For the past six years my writing life has been project oriented. Creative, sure. But also neat and tidy. Each themed essay folded into a larger book project. I wrote my memories of life in Syria and Jordan, and when the essays were strung together, they became Through the Veil. I found the next project, writing somewhat therapeutically of the complex relationship between me and my mother-in-law, Jeanne, in our extended family household. I wrote our relationship as we lived it, and soon my writing became an exploration of Jeanne’s rapid health decline and my new role as her primary caregiver.
I wrote through Jeanne’s last month of life, sitting at her bedside, laptop open, typing as she dozed in a morphine haze. When Jeanne died in November, 2008, I had so much raw material drafted that I wrote and refined all through the spring, through a move to Oregon, and on into our new life here this past year. Sure, I blogged about life in Oregon, but my more concentrated, polished and thoughtful writing, has been the project-oriented work on caregiving and end-of-life issues.
For six years now I have written about women who will never read my writing, separated from me by years and by geography. Even while Jeanne was alive, I knew I would never show her my essays and that I wouldn’t publish a book about her until she was gone. I do strive to write truthfully, but there is a certain freedom in writing from memory.
Just a few weeks ago—during our Spring Break at the Oregon coast—I drafted a new essay. A long one. Not a single Syrian or Jordanian. No mother-in-law.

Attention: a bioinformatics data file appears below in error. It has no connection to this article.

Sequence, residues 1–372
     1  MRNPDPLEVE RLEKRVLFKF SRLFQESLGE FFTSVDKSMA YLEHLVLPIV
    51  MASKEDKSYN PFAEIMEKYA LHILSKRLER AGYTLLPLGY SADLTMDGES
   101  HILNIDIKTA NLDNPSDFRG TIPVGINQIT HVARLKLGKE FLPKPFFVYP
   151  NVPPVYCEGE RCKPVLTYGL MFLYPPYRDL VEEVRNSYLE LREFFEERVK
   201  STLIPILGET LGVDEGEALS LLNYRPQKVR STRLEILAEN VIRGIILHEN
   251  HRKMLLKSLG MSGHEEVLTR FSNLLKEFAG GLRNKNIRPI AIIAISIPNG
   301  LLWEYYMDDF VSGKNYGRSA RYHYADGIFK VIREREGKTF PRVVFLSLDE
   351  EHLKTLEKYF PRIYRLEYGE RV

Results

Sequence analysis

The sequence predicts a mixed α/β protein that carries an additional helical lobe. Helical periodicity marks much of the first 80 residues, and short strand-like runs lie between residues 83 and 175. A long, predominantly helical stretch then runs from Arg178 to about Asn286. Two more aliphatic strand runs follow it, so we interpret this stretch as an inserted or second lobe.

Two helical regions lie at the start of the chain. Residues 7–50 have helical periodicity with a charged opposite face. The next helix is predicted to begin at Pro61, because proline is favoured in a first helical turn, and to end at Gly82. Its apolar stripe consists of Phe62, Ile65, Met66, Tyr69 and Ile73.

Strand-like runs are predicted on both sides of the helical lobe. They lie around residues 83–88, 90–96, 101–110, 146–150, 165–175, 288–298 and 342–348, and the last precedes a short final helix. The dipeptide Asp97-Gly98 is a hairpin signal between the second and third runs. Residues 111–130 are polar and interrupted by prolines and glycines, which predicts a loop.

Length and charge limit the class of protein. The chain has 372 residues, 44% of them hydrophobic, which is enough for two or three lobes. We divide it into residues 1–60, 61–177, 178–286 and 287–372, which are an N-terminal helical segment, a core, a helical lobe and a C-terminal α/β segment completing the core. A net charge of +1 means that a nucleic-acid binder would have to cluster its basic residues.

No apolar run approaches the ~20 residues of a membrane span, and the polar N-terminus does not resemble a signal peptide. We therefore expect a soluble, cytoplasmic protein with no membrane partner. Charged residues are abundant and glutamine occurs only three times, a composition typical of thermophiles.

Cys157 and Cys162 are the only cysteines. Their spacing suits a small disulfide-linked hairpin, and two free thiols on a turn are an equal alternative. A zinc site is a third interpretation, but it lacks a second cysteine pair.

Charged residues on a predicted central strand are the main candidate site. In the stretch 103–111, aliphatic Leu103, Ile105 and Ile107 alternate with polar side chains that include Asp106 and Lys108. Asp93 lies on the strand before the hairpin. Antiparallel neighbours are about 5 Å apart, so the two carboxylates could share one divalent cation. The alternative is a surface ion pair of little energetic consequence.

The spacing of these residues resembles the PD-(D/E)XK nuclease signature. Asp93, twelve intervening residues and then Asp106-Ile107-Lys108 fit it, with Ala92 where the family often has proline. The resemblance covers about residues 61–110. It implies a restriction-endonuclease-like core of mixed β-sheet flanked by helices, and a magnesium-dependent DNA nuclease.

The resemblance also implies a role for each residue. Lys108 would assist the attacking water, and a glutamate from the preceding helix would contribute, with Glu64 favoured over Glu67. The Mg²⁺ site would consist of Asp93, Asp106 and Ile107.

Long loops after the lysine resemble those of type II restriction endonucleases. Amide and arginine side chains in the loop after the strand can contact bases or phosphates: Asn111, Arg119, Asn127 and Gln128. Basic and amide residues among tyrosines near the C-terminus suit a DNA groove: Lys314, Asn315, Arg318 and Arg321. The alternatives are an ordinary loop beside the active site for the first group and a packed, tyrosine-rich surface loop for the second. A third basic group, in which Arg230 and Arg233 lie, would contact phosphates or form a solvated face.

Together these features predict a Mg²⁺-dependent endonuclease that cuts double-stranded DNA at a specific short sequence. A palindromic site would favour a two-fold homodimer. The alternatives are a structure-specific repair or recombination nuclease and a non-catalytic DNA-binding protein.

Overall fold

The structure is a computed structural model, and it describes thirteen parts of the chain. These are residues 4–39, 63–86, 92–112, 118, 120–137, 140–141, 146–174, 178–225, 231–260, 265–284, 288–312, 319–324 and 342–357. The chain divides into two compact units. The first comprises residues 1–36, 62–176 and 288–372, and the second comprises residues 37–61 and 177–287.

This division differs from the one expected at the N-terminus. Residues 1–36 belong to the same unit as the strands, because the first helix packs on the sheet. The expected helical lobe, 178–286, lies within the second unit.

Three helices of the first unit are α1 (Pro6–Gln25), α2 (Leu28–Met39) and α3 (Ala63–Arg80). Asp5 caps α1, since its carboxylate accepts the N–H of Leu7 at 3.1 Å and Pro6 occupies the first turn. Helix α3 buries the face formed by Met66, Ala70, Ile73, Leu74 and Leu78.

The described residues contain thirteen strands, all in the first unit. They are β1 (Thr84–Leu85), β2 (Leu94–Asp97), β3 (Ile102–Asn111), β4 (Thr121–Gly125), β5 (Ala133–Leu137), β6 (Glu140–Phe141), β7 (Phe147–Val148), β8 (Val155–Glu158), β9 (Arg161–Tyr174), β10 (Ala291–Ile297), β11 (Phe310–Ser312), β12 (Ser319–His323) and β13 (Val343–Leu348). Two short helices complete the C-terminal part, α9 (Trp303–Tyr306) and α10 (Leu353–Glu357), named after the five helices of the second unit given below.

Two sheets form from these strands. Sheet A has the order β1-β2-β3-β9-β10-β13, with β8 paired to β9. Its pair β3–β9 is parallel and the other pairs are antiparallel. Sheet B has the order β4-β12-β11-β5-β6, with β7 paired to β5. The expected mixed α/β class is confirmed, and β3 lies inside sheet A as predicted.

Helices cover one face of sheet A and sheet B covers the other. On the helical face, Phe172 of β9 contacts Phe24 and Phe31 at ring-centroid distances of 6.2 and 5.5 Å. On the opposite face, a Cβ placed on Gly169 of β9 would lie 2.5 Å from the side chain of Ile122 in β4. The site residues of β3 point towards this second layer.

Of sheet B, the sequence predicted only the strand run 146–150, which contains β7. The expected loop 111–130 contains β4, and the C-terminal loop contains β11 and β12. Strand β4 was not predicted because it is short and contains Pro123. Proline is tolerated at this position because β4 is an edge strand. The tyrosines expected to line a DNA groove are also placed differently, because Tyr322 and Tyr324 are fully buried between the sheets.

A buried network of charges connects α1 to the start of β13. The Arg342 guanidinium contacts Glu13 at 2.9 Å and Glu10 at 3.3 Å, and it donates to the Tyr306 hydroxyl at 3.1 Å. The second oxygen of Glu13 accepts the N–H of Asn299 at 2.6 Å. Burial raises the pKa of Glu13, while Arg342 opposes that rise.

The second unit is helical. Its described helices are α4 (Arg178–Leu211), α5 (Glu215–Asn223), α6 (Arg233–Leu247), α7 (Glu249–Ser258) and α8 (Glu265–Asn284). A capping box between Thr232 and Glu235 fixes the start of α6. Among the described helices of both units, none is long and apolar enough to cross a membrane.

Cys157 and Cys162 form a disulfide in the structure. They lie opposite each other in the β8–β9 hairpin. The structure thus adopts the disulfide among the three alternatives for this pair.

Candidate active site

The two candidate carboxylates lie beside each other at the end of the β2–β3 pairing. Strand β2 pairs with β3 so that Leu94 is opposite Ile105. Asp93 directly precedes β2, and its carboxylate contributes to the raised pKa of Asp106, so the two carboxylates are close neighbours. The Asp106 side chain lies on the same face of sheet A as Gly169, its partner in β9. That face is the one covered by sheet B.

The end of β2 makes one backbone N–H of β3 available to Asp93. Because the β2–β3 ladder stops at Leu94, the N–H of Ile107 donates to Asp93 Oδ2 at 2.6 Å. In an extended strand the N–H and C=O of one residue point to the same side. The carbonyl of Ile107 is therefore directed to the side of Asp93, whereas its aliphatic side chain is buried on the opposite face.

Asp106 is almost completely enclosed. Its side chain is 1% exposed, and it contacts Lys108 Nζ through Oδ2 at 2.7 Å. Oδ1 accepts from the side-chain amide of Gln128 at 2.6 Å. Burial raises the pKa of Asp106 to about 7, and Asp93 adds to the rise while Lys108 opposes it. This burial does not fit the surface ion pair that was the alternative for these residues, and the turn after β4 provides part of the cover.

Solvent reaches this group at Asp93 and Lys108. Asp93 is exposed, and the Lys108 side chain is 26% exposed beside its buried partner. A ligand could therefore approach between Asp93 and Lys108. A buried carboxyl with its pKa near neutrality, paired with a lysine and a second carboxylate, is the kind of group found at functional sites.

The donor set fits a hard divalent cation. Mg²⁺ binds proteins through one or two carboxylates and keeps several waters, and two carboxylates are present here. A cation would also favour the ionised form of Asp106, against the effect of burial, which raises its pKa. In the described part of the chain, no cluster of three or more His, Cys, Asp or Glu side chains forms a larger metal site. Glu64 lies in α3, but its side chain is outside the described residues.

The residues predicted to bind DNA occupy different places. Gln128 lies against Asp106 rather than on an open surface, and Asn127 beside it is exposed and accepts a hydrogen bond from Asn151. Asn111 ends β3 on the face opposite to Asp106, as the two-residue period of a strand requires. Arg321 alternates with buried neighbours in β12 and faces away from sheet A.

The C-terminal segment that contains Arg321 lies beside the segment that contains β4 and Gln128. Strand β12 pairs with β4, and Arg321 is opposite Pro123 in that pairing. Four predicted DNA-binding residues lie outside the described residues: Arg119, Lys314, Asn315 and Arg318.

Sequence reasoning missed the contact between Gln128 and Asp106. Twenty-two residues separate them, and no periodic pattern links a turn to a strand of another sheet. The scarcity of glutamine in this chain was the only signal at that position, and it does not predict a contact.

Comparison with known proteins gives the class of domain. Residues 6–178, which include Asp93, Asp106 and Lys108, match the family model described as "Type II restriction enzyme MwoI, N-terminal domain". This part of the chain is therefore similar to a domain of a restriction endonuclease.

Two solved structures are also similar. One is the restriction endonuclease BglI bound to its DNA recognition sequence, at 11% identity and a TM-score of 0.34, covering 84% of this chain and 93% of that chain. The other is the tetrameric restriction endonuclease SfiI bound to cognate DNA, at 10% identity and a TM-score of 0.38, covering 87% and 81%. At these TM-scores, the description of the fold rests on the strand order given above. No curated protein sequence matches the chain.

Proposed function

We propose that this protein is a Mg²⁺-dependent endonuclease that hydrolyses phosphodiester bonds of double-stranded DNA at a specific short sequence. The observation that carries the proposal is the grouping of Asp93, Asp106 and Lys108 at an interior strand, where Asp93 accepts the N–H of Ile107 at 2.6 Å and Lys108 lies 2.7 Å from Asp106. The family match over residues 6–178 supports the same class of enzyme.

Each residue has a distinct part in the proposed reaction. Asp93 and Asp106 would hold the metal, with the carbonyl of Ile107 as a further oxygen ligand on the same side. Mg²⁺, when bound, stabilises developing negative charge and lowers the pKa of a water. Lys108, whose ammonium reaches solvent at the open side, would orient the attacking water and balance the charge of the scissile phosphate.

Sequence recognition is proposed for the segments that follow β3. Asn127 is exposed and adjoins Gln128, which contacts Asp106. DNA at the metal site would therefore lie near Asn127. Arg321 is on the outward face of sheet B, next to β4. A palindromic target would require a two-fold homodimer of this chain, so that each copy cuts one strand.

In this newest essay, I write of people in Newberg—a fellow adjunct at the university, the woman who pumps my gas, even my boss. I see these folks often—they’re part of my daily life. I’m not close to any of them. I haven’t asked their permission for this writing. And they have no idea that I’m spending my early morning hours with them, recording our conversations, painting portraits of them on my pages.
After writing from memory for over a year now, this feels very strange. Once again I am writing life as I live it. At some point before publication I will change names, ask permission of my acquaintances to use their veiled identities in my writing. But for now I say good morning to my literary characters when I pass them in the halls at work, I smile and look each one straight in the eye. I bought gas from my protagonist this morning; she has no idea at all that even as we chat, I am adding brush strokes, covering over mistakes, mixing just the right colors to paint her a hero.
As a child I imagined myself one of the Bobbsey twins. I read Flossie’s dialog aloud and tossed my imaginary curls. I wanted to be a writer, or maybe an actor. I loved entering into another world and dwelling there. I still do.
But I don’t write fiction. I don’t create an imaginary world. I am wrestling to take my own real world, past and present, and make it into literature.